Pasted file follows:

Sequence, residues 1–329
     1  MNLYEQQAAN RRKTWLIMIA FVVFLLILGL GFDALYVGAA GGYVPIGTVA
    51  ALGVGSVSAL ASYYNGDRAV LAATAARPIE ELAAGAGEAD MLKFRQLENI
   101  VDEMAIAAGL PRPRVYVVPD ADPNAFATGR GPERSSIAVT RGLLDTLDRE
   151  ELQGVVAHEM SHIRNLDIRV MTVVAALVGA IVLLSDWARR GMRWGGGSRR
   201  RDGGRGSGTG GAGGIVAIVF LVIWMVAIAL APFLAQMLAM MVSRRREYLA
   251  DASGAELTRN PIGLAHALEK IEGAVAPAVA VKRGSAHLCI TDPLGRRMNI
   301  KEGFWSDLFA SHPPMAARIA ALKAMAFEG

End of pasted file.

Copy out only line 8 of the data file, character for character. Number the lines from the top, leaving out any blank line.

   301  KEGFWSDLFA SHPPMAARIA ALKAMAFEG